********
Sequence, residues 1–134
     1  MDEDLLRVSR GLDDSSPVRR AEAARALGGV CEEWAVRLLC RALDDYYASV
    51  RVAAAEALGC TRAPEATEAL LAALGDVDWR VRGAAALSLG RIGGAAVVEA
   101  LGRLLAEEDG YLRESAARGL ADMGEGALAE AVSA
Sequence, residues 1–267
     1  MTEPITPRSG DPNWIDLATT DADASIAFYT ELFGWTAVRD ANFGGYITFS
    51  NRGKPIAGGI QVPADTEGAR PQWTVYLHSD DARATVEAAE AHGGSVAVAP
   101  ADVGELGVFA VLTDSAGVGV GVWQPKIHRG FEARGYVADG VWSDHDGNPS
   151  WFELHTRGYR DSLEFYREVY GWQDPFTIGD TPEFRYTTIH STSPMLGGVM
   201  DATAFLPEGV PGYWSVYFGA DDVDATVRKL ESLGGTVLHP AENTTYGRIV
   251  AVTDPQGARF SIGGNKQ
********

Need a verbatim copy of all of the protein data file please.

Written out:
Sequence, residues 1–134
     1  MDEDLLRVSR GLDDSSPVRR AEAARALGGV CEEWAVRLLC RALDDYYASV
    51  RVAAAEALGC TRAPEATEAL LAALGDVDWR VRGAAALSLG RIGGAAVVEA
   101  LGRLLAEEDG YLRESAARGL ADMGEGALAE AVSA
Sequence, residues 1–267
     1  MTEPITPRSG DPNWIDLATT DADASIAFYT ELFGWTAVRD ANFGGYITFS
    51  NRGKPIAGGI QVPADTEGAR PQWTVYLHSD DARATVEAAE AHGGSVAVAP
   101  ADVGELGVFA VLTDSAGVGV GVWQPKIHRG FEARGYVADG VWSDHDGNPS
   151  WFELHTRGYR DSLEFYREVY GWQDPFTIGD TPEFRYTTIH STSPMLGGVM
   201  DATAFLPEGV PGYWSVYFGA DDVDATVRKL ESLGGTVLHP AENTTYGRIV
   251  AVTDPQGARF SIGGNKQ